A 5-year-old girl is shot; don’t blame the par­ent­ing

If you try to teach your kids self-suf­fi­ciency, peo­ple will say you’re putting them at risk

Baltimore Sun Sunday - - REAL ESTATE -

5-year-old girl was shot in the city on Nov. 19. Car­ry­ing a doll in her small hands, she was walk­ing to the cor­ner store for juice when a bul­let, meant for some­one else, struck her.

There are so many things to be out­raged about in those two sen­tences. Per­son­ally, I get stuck at “a 5-year-old girl was shot.”

But when the sto­ries started trick­ling out about this un­fath­omable tragedy, I was amazed at how many peo­ple found some­thing else other than that to be an­gry about. In so­cial me­dia com­ments, some won­dered why the girl was walk­ing to the store alone.

A“This is tragic,” some­one wrote on the Sun’s Face­book page un­der an ar­ti­cle that pic­tured the girl’s crum­pled doll sur­rounded by bul­let cas­ings. “But I have to ask what the par­ents are do­ing to put their chil­dren in harms [sic] way like this?”

Per­haps the read­ers missed the part about how her 7-year-old sis­ter was in the back seat of a car, su­per­vised, when she was shot and killed last sum­mer.

It seems that, for ev­ery per­son lament­ing the gun vi­o­lence in our city and the pro­lif­er­a­tion of weapons in our so­ci­ety, there are two more judg­ing the par­ent­ing that they say led to a child’s be­ing ran­domly shot on her way to a cor­ner store to get juice, with a baby doll in her hands.

The na­tional pas­time/ blood sport of judg­ing par­ents didn’t start with this news story, but it caught my at­ten­tion be­cause my hus­band and I have been think­ing a lot lately about the cod­dling of to­day’s chil­dren, our own es­pe­cially.

Our ul­ti­mate goal for our chil­dren can be summed en­tirely in one word: self-suf­fi­ciency.

I read an ar­ti­cle in The At­lantic re­cently that cited a statis­tic that al­most made me choke: “About 60 per­cent of adults un­der age 35 now live with­out a spouse or a part­ner. One in three adults in this age range live with their par­ents, mak­ing that the most com­mon liv­ing ar­range­ment for the co­hort.”

Say what now? Un­der 35? Surely the writer meant un­der 25?

We want to raise our sons and our daugh­ter to learn to ex­pertly care for them­selves fi­nan­cially, emo­tion­ally and phys­i­cally — well be­fore they reach age 35. And yet, un­til just re­cently, they weren’t al­lowed even to use the toaster.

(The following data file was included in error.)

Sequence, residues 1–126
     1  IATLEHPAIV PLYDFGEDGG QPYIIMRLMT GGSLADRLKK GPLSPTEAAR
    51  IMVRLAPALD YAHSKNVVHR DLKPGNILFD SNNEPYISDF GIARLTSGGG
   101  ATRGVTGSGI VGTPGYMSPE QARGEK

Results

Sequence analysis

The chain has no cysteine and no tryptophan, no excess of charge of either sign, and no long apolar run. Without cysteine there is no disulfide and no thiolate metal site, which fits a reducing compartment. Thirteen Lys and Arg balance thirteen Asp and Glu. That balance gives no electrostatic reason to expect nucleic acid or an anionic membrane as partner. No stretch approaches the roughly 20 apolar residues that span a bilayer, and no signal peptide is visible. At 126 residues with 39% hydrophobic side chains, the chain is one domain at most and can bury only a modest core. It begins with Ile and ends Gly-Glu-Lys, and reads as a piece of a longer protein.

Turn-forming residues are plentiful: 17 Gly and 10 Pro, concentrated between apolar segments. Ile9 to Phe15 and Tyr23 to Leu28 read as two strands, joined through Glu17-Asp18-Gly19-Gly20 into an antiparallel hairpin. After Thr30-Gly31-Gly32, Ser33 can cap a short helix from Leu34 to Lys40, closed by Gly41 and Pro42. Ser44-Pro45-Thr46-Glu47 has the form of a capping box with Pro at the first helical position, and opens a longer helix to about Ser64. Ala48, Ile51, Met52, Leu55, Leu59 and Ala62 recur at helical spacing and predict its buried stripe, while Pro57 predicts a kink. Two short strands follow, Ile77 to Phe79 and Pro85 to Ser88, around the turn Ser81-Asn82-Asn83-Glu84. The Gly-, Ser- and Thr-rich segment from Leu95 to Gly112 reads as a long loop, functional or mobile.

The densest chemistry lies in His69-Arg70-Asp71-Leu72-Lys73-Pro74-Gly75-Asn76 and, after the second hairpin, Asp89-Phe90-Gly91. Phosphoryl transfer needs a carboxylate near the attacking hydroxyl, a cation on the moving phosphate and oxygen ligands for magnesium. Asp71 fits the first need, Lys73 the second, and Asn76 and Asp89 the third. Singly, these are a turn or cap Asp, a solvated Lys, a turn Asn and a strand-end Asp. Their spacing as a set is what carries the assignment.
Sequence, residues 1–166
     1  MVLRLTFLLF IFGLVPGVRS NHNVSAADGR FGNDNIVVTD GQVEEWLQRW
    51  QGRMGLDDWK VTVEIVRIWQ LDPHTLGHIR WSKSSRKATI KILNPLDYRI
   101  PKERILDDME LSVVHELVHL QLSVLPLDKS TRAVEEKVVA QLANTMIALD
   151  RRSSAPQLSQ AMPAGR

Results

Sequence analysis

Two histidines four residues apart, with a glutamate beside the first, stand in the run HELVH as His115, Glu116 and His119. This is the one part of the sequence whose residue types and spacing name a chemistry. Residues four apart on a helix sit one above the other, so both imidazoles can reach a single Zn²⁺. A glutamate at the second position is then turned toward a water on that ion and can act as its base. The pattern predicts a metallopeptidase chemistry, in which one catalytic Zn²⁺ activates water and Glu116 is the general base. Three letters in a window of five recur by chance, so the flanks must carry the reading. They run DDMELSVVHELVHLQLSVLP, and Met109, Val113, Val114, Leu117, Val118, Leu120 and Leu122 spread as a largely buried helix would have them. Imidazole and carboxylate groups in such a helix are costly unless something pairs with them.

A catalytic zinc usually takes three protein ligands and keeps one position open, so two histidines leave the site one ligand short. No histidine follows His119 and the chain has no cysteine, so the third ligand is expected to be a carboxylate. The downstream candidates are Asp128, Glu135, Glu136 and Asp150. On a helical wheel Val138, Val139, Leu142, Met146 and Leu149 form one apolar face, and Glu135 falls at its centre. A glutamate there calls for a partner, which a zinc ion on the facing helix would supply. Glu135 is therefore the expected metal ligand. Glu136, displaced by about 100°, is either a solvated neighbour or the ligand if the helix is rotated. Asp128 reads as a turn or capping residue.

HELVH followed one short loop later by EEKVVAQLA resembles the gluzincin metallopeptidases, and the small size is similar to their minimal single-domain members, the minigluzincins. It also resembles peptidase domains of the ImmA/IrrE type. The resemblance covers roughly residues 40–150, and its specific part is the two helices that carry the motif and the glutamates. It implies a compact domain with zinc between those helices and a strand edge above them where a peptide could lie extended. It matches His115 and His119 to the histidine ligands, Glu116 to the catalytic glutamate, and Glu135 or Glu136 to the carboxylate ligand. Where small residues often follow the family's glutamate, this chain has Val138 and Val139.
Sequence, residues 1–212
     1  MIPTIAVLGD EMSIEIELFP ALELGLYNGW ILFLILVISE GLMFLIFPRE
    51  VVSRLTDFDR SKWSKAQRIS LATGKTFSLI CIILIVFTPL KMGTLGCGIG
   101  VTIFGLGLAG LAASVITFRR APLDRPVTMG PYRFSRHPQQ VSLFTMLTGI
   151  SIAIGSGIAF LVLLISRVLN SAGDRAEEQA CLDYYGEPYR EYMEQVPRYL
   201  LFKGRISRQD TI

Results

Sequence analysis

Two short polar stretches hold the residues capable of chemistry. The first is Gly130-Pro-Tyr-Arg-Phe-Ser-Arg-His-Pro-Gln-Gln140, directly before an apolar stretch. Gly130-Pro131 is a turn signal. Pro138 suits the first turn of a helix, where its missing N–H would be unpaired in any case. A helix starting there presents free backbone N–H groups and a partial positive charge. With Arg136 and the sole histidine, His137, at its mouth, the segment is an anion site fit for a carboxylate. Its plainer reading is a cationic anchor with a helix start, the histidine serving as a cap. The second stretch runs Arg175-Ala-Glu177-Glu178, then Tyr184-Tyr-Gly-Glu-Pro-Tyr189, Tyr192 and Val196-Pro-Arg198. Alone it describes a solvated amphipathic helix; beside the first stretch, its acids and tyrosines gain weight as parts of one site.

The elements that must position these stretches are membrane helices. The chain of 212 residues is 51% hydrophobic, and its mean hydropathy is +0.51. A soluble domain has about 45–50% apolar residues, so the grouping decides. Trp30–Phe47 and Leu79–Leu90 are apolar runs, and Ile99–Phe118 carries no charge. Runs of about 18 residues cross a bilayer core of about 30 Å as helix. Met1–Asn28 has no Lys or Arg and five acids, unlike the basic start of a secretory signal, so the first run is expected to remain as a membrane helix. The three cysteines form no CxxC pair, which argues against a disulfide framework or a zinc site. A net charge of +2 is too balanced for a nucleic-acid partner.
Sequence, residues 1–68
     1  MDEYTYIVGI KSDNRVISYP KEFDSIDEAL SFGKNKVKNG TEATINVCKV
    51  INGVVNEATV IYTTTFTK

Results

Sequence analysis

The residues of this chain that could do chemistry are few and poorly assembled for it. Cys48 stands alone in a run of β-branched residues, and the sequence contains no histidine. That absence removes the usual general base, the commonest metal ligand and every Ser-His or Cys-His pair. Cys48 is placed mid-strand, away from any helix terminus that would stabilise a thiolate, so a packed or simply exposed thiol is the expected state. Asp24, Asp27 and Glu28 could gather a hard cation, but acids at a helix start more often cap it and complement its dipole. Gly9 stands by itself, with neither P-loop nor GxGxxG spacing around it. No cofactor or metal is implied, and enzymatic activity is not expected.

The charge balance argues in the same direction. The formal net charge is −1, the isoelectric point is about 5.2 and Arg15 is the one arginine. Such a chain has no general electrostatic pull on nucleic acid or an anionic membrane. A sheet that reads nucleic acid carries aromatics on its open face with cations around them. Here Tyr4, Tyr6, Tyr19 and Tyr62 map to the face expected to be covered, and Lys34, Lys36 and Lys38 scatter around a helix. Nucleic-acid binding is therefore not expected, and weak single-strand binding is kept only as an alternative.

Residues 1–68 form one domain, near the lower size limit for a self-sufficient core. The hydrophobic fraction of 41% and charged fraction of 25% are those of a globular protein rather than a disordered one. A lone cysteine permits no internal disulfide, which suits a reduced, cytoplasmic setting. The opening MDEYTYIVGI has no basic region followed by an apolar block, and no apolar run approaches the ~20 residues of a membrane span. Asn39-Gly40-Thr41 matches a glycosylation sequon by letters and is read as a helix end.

So we’ve been re­think­ing our pro­tec­tive­ness and giv­ing them more free­dom, inch by inch. Yes, use the mi­crowave. Yes, make a pan of Jiffy corn­bread (with our as­sis­tance with the oven). Yes, you can try to iron your own clothes. Yes, even walk around the cor­ner to the neigh­bor’s to play.

It isn’t easy to over­come our own fears — or so­ci­ety’s judg­ment.

Over the sum­mer, the boys were in a com­mu­nity play at a church on the cor­ner of our long street, six-tenths of a mile away. Once, when I needed to cook meals for the week dur­ing a re­hearsal, I told them they could walk home, just the two of them, when it ended. We’d prac­ticed a cou­ple times, with them walk­ing and me driv­ing slooooowly in the car be­side them. But this would be the real thing, and the boys were ec­static.

Alas, it was not to be. A very kind church mem­ber in­sisted on walk­ing with them to our house.

“I told them there was no way your mom said you could walk home alone,” she told me, as she proudly de­liv­ered the crest­fallen 8-year-olds to our front door.

True, we rarely see so much as a wa­ter gun in our neigh­bor­hood, much less open-air gun bat­tles, so we don’t have the same fears as those who live in the kinds of ar­eas where two sis­ters are shot in the span of months.

But if some­thing were to hap­pen to one of our boys while walk­ing less than a mile home from “Char­lie and the Cho­co­late Fac­tory” re­hearsal, what would the In­ter­net say about my hus­band and me?

Here’s what I would hope to hear:

Save the wrath for those who would shoot guns in a neigh­bor­hood where a 5-year-old girl is walk­ing to the cor­ner store to get juice, with a baby doll in her hands.


The side­walk where 5-year-old Amy Hayes was wounded by a stray bul­let Nov. 19 is now marked as a “no shoot zone.”

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